Jaime (Castañeda) never expected to grow old like this. He thought he’d retire to a large house in Mexico with his wife and his grandchildren crowded around him. Instead he’s struggling to make rent at a South Texas henhouse, watching Sábado Gigante on a 13-inch TV, and building a plywood casket for his wife. Jaime faces old age in a foreign country with no health care or Social Security benefits, and certainly no savings account — the very type of person the fence builders claim is taking advantage of our country. Soon he’s forced out of his job (after he trains his replacement, of course), and can’t pay rent on his apartment. With Lupe (Loren), the widow of his favorite son, Jaime forms a damaged family based on a mutual sense of obligation, and the two get a bus to San Antonio, to look for work where Jaime’s other two children have assimilated and found relative success.
At the film’s premiere, former mayor and screening organizer Henry Cisneros described August Evening as “a love letter to San Antonio ... a love letter to South Texas” by writer-director Eska, but Alamo City is no land of golden opportunity, offering only dog tracks, layoffs, and day-labor lines to Spanish speakers with limited educations and no paperwork. The S.A. skyline makes a brief appearance, but for the most part the city is shot like the rest of the film — at eye level, on a handheld digital camera. The intimate, in-the-moment effect suits the film, though more tripod shots would’ve been appreciated — the camera’s dips and tremors never reach Blair Witch-level wobbling, but viewers apt to motion sickness might take a pre-show Dramamine. The camera also rarely grants the mercy of panning out, capturing close-up the unpleasant awkwardness as Lupe and Jaime, unable to find work, are shuttled between family members, trying desperately, if unsuccessfully, not to burden them.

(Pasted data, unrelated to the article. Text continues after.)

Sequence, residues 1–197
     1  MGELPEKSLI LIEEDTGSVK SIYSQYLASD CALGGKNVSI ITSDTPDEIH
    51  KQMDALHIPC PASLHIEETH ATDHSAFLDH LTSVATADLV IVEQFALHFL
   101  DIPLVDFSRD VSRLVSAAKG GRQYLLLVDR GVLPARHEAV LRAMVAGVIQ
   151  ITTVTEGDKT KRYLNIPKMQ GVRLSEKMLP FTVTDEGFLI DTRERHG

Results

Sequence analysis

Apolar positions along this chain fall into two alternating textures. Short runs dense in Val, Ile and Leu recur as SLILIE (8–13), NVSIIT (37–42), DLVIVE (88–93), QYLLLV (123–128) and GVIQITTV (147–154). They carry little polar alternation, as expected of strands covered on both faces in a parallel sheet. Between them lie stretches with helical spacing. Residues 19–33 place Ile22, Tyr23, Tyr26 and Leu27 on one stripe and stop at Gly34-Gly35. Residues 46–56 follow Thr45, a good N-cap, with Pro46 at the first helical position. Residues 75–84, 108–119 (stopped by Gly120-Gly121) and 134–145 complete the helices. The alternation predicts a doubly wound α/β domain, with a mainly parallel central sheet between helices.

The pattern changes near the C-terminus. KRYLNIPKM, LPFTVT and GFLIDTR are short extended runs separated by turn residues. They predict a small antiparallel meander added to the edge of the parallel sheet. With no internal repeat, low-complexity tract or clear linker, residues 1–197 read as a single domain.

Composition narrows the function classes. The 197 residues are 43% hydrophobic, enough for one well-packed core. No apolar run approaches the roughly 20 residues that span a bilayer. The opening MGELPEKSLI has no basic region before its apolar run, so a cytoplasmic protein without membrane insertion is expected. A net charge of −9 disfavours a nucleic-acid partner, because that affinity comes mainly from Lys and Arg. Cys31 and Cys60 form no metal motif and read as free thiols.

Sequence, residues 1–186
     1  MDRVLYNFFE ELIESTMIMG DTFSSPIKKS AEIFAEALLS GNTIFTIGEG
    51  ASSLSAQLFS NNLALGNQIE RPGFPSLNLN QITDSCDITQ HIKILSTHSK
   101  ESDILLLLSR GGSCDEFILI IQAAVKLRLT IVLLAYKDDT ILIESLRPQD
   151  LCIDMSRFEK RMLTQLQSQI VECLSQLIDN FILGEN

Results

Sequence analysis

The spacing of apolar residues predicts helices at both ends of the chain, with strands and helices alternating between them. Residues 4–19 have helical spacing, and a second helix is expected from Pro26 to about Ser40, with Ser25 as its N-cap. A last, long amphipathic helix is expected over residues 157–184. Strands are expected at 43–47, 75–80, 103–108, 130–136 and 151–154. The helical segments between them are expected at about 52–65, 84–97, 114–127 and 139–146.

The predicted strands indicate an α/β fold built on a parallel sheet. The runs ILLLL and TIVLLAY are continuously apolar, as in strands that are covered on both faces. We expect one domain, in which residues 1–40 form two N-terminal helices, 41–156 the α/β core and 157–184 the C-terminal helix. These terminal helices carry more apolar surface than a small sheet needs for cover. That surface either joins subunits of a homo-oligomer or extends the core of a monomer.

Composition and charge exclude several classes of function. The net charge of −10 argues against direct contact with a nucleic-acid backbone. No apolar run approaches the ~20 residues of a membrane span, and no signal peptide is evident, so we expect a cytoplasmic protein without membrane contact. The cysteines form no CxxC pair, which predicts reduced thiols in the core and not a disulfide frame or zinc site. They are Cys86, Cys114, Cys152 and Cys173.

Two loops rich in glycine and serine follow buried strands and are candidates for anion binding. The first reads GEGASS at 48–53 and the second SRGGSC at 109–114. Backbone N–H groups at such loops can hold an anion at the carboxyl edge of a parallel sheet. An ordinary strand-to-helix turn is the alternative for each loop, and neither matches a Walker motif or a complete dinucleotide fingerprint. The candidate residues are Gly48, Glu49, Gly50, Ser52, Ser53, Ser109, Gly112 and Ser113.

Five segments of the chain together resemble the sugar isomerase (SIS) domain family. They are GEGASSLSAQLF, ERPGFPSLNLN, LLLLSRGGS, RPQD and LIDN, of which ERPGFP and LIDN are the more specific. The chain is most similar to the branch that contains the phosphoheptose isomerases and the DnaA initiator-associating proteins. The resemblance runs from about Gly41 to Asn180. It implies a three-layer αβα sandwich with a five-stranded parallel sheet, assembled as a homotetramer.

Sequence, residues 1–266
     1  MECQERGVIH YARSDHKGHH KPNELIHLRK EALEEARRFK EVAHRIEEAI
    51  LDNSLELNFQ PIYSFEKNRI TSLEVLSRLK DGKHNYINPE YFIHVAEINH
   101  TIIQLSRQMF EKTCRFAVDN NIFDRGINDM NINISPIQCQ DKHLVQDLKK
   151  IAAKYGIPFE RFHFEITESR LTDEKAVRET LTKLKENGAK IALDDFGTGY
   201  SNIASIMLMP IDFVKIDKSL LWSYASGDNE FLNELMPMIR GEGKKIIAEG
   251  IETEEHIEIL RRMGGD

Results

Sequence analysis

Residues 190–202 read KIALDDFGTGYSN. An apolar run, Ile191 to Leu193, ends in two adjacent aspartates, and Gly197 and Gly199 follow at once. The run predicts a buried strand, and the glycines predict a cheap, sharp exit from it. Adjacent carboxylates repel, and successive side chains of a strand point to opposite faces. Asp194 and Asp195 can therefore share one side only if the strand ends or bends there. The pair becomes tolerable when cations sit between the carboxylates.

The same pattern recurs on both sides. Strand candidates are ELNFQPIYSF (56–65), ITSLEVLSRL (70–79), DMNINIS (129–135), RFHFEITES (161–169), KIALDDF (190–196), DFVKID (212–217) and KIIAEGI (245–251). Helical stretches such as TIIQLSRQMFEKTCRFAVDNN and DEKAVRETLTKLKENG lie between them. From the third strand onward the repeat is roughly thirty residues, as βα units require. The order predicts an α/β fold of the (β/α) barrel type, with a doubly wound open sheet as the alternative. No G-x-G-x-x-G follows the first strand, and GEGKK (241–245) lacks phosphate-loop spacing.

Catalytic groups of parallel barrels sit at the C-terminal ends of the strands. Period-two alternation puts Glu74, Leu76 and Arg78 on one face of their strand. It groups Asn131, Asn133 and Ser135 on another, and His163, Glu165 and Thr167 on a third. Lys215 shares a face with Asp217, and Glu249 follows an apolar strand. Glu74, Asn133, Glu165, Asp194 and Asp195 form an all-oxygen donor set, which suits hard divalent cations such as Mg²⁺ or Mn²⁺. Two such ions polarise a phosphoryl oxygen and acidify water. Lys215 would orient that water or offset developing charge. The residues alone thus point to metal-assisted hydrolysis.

The script, however, occasionally spares us the most unbearable moments, skipping over painful and traumatic events, a technique that unfortunately often simplifies Lupe and Jaime as unflinching Jobs with no hope for divine intervention. Jaime seems destined to live at his children’s mercy, a much-lamented inconvenience in the very lives he left his homeland to improve. Lupe’s prospects are possibly even more distressing: She’s told a menial, repetitive, and potentially dangerous task is the work she was “born to do,” and her best chance at a tolerable existence seems to be shaking her mourning and landing a second, more employable, husband. But she fulfills her duty to her late husband’s family with the faithfulness of the biblical Ruth. And like the book of Ruth, the film pointedly reminds us, August Evening is set in enemy-occupied territory, land once promised to the persecuted. Jaime’s disillusioned friend Salazar (Cesar Flores) observes the irony of their situation: Had Mexico won the war, Texas would’ve been part of their native country, a place where he and Jaime could live without documents or fear, eating food served by gringos. “In that case,” Jaime replies, “I’m glad we lost the war.”
The vérité style occasionally grates, dragging the film to an overlong two-plus hours, and Eska’s arty obsession with still-life shots of leaves, bugs, etc. becomes infuriating, but at its best moments, August Evening is a compelling and well-acted portrait, a quiet, apolitical argument that should be required viewing at any Minutemen rally. •